“Kung Fu Nuns” of the Himalayas nominated as finalists for Václav Havel Human Rights Prize 2020

‘Nuns fought on the frontlines against COVID-19 in India and Nepal, human trafficking and protecting women against violence’

New Delhi, March 24:(KNS)  The Himalayan“Kung Fu Nuns” of the Drukpa Order of Buddhism have been honoured in Europe for their heroic work – from curbing human trafficking, to fighting for gender equality, to mobilizing for disaster relief. It was one of the three finalists for the prestigious Václav Havel Human Rights Prize.

“This past year, the nuns also fought on the frontlines against COVID-19 in India and Nepal, providing remote villages with food, medical supplies, PPE, and hygiene education, a spokesperson from the Live to Love said adding the nuns focused on empowering the women of those villages to become exemplars and educators of safety during the pandemic.

The more-than five hundred Kung Fu Nuns, many of whom are teenagers, sparked an inspirational movement in the Himalayas when they took up martial arts to empower themselves to become stronger community leaders.

Hailing from India, Nepal, Bhutan and regions across the Himalayan belt, these Drukpa nuns are now known for their fierce acts of kindness: they teach self-defense to young girls, cycle thousands of kilometres to speak out against human trafficking, and risk their lives by bringing humanitarian aid to remote villages following natural disasters – very often in regions that NGOs and government agencies neglect due to dangerous conditions.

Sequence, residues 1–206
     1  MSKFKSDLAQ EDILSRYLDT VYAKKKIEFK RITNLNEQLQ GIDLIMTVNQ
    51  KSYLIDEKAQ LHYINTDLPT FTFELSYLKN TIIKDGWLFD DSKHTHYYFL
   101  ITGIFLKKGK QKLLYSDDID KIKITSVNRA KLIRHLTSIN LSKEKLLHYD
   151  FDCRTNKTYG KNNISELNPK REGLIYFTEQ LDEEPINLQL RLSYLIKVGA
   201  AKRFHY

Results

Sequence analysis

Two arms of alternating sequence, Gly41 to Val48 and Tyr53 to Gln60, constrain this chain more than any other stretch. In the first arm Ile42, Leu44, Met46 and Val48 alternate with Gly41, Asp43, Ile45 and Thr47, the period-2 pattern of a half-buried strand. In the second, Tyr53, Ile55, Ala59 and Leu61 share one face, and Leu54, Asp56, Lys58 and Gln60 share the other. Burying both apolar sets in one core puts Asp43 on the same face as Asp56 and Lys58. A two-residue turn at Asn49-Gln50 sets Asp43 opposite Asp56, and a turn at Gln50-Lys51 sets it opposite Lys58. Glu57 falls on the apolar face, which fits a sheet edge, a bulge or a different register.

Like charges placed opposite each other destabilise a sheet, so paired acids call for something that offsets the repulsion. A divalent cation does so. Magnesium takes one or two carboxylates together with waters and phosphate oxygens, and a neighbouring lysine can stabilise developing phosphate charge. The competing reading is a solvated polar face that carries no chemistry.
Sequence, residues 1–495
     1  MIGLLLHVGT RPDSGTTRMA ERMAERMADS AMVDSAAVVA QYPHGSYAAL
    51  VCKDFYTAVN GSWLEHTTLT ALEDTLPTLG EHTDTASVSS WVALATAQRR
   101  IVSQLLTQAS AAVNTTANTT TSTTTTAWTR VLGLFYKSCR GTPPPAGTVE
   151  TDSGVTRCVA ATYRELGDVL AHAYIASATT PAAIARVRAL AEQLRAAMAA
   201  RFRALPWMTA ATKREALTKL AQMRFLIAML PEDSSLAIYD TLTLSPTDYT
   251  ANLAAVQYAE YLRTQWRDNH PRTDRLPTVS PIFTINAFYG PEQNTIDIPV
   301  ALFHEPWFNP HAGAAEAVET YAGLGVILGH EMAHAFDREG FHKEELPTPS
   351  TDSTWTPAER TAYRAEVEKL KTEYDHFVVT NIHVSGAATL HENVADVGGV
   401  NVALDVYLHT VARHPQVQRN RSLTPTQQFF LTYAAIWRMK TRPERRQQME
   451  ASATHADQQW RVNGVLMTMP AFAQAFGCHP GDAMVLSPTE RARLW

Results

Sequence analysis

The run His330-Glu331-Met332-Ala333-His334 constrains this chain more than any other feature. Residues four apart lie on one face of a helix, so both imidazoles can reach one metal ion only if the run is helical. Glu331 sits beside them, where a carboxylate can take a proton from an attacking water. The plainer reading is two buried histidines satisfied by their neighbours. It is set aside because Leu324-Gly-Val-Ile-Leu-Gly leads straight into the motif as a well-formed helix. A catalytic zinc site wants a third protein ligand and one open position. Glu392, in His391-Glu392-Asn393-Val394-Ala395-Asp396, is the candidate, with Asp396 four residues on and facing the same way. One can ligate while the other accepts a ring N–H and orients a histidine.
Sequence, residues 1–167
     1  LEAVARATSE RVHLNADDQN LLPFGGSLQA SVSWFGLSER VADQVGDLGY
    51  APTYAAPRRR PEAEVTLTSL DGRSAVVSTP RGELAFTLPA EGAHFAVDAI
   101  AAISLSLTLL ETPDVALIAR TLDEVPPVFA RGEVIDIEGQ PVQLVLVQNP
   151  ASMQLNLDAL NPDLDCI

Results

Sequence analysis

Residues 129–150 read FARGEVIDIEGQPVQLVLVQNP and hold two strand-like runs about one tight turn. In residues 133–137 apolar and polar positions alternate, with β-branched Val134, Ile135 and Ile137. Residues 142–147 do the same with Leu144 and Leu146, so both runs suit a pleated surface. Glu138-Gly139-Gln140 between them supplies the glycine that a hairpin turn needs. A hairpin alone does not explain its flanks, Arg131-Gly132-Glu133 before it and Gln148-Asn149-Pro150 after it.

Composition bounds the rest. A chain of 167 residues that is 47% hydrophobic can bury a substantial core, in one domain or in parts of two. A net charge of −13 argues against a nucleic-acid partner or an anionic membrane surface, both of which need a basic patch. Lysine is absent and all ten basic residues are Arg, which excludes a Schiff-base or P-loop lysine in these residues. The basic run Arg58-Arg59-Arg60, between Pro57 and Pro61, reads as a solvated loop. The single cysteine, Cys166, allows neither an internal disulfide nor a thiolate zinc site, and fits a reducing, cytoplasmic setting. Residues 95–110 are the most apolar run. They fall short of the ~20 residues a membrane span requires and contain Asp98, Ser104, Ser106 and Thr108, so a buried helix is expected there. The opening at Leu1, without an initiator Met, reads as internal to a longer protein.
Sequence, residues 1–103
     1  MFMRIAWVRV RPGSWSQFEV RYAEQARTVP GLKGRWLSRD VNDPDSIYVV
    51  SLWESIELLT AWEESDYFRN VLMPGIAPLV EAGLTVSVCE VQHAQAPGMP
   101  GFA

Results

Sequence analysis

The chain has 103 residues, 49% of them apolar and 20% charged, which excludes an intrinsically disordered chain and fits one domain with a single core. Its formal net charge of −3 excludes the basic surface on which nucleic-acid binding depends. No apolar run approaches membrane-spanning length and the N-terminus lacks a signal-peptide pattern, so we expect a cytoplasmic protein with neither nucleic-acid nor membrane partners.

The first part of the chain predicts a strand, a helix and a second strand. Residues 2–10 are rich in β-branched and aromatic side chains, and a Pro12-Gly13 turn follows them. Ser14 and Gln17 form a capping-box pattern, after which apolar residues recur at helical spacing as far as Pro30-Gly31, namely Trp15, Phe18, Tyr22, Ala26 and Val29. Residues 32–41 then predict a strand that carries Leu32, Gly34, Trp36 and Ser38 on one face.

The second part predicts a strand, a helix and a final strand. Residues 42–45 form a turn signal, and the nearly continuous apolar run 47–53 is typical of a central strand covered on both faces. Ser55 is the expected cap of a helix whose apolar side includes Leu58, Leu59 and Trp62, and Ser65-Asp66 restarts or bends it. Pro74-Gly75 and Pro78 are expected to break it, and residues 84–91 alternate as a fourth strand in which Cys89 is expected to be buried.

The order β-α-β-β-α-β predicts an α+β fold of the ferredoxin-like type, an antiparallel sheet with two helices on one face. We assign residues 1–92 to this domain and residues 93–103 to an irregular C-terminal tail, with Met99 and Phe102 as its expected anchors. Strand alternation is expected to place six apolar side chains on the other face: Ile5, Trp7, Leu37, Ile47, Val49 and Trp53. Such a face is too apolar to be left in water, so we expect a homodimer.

“We are so thankful for this acknowledgement.  Sometimes older people will tell us we should just stay in the temple and read, or stay in the kitchen. So being a finalist for this award makes us feel very encouraged,” said nun Jigme Konchok Lhamo. “Helping others is our religion.”

Apart from the Kung Fu Nuns, the other finalists for the Václav Havel Human Rights Prize 2020 are Loujain Alhathloul, a leader known for defying the ban on women driving in Saudi Arabia, and Julienne Lusenge, a Congolese human rights activist who has been documenting sexual abuse and violence against women in Congo.

The Václav Havel Human Rights Prize rewards outstanding civil society action in defense of human rights in Europe and beyond annually. The prize is awarded each year by PACE (Parliamentary Assembly of the Council of Europe), in partnership with the Václav Havel Library and the Charta 77 Foundation.

In the past, the winners have made a difference to the human rights situation of a given group, been instrumental in uncovering systemic violations on a large scale or have mobilized public opinion or the international community for a given cause.

 The Drukpa Lineage of Indian Buddhism has a thousand-year history stretching back to the Indian Saint Naropa, and continues its legacy today with the spiritual head, the Gyalwang Drukpa. With his encouragement and support, the nuns learned Kung Fu to build strength and confidence – skills that they use to help others through unimaginable acts of bravery.

They also run free health clinics, respond to calls for emergency animal rescue, and have removed thousands of pounds of plastic litter from Himalayan and Indian land.

With over 700 Drukpa nuns in the ranks, there is a long waiting list of women and girls who want to join them.  The Kung Fu Nuns have changed the Himalayan view for nuns as well as women in general.

Their Kung Fu demonstrations draw audiences in the tens of thousands, changing generational mindsets about the capacity and abilities of women through their epic acts of service, and by setting an example of empowerment for the marginalized.(KNS)

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